Ajit Pawar effect? State to go after 80 corrupt babus

Sep 28, 2012, 06:15 IST | Bhupen Patel

A day after deputy CM resigned over irrigation scam, state home department shot off a letter to Anti-Corruption Bureau asking for details of corruption cases against bureaucrats that await government nod

Anti-corruption movements have been in vogue in the country for the past year or so, but there has been little movement in terms of nailing the corrupt. Whether a call of conscience or one from his uncle dictated state deputy CM Ajit Pawar’s decision to resign from his post after facing allegations in a Rs 20,000-crore irrigation scam is still a matter of conjecture, but it has left the Democratic Front government high and dry. And yet there’s a comforting prospect. Following Pawar’s departure — since NCP has made its stand clear, it appears certain that his resignation would be accepted — the state home department on Wednesday sought the details from Anti Corruption Bureau on files of graft cases against babus that need the government’s nod.

Till now, ACB officials were moving from pillar to post to get sanctions for these pending cases but their pleas fell on deaf ears of government representatives. Tired of repeatedly getting entangled in red tape, before leaving the post on July 31 this year, the then director general of ACB, Sanjeev Dayal, exposed the government by uploading the minutest details of cases awaiting approval on the bureau’s website, http://acbmaharashtra.gov.in. Officials at ACB have since been regularly updating records on the portal.


Virtual reality
“All the data is accessible on ACB’s official website. We have also sent timely reminders about the sanctions. It is pointless to seek these particulars again and again when the government has hardly reacted on them till date,” said a senior ACB officer on condition of anonymity.

Sanjeev Dayal
Tell-all: Before leaving the post on July 31 this year, the then director general of ACB, Sanjeev Dayal, exposed the government by uploading the minutest details of cases awaiting approval from various departments at Mantralaya on the bureau’s website. File pics

Records on the website illustrate how the government remained indolent while deciding the fates of more than 80 (Class I & II) officers allegedly involved in 73 corruption cases across the state in the last five years. Apart from this, the government has also not approved the prosecution of more than 200 (Class III & IV) officers. Moreover, 43 open inquiries against several bigwigs including state education minister Vijay Kumar Gavit, late Vilasrao Deshmukh, former principal secretary of excise and transport CS Sangeetrao, commissioners, MLAs and collectors are gathering dust at Mantralaya.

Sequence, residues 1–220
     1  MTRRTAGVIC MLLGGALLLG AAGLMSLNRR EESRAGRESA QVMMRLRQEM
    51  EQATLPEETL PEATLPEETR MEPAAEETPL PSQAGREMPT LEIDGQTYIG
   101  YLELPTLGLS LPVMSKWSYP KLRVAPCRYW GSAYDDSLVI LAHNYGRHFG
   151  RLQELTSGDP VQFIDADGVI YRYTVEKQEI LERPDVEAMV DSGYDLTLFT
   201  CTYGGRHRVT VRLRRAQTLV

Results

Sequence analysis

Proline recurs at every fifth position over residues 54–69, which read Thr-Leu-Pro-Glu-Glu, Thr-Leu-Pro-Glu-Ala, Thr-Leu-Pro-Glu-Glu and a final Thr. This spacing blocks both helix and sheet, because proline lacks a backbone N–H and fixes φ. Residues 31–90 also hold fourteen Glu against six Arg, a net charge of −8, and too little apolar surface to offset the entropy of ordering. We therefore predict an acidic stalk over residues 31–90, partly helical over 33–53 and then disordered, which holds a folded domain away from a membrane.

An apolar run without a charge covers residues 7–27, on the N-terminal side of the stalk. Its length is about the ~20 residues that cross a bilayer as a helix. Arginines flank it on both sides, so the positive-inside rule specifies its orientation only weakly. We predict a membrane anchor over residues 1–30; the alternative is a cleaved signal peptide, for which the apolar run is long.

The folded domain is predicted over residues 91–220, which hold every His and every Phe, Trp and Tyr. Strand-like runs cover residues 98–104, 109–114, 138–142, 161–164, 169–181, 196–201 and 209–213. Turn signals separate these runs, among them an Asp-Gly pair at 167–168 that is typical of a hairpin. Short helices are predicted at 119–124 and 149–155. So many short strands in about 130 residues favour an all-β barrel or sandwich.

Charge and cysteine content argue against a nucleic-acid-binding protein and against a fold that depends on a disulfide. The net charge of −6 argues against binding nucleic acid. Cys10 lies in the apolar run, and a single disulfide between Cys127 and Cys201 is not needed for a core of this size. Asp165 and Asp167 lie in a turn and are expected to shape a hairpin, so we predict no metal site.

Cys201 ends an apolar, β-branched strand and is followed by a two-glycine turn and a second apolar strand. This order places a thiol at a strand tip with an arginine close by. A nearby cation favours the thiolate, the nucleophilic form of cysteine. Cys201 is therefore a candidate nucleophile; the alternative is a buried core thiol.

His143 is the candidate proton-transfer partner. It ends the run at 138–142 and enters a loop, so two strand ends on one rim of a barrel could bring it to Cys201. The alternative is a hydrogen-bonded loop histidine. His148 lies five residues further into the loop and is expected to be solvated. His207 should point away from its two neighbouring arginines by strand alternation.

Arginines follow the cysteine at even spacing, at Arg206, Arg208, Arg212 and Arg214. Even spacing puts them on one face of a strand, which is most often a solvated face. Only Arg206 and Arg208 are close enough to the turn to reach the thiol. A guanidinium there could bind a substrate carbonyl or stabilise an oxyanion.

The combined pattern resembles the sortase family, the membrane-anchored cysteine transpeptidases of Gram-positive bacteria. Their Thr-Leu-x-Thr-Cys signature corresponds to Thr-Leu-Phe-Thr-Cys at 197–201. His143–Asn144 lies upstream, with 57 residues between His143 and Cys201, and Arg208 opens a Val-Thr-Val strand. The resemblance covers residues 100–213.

Sources from ACB revealed that in the last few years the bureau has been made to face disparagement from media and other sectors for these undetermined cases. “One should understand that most of these cases require government approval at some stage, depending on the grades of the officers who are involved. Since the government has turned a blind eye to clearing the requisite authorisations, the cases keep piling on.

System at work
As soon as ACB receives a letter from a complainant against Class I and II officers, it makes preliminary inquiries. If the investigations throw up evidence against the officer, ACB has to first write a letter to the home department and seek permission to go ahead with the inquiry. From the home ministry the file goes to the department where the tainted officer works and is then sent back to the home department and then to the ACB office with the requisite approval. But in actuality, in most cases the file hits a dead end after reaching the concerned department.

While prosecuting Class III and IV officers ACB does not need authorisation to go ahead with investigations. But while filing a chargesheet in the case, the bureau requires a go-ahead from the respective department to which the accused is attached.

In case ACB officials receive a complaint against a minister, commissioner, MLA or a very senior bureaucrat, they make discreet inquiries into the matter. Once they are through with the inquest, they seek consent from the government to conduct an open inquiry into the matter wherein the accused is called to the ACB office. The officials record his statements pertaining to the complaint and seek clearance on allegations made.

When contacted, Dayal, who is now Maharashtra’s police chief, refused to comment on the whole issue. “Since I have moved out of ACB, it would not be appropriate on my part to talk about these matters,” he told MiD DAY.

Confirming the report, existing DG of ACB Raj Khilani said, “We have already submitted out report to the government.” When asked the reason for such information being sought from ACB, he added, “There was too much hype in the media. Also there are chances that the department lost these files in the recent fire at Mantralaya. It could be anything.”


Total no of cases against Class I and II officers awaiting prosecution sanction from govt
Total no of corruption cases yet to receive authorisation for prosecution from various authorities

Look who’s on the waiting list!
Members of an NGO have approached ACB alleging that late chief minister and union minister Vilasrao Deshmukh in connivance with former Collector (Mumbai suburb) CS Sangeetrao; former Collector (Mumbai suburb) SS Zende; former Principal Secretary (Department of Revenue) RC Joshi; and former Principal Secretary (Urban Development Department) Ramanand Tiwari changed the reservation of two plots in Mumbai's Bandra (East) in favour of two private societies housing some judges. The complaint says several retired and sitting judges are members of these societies.  

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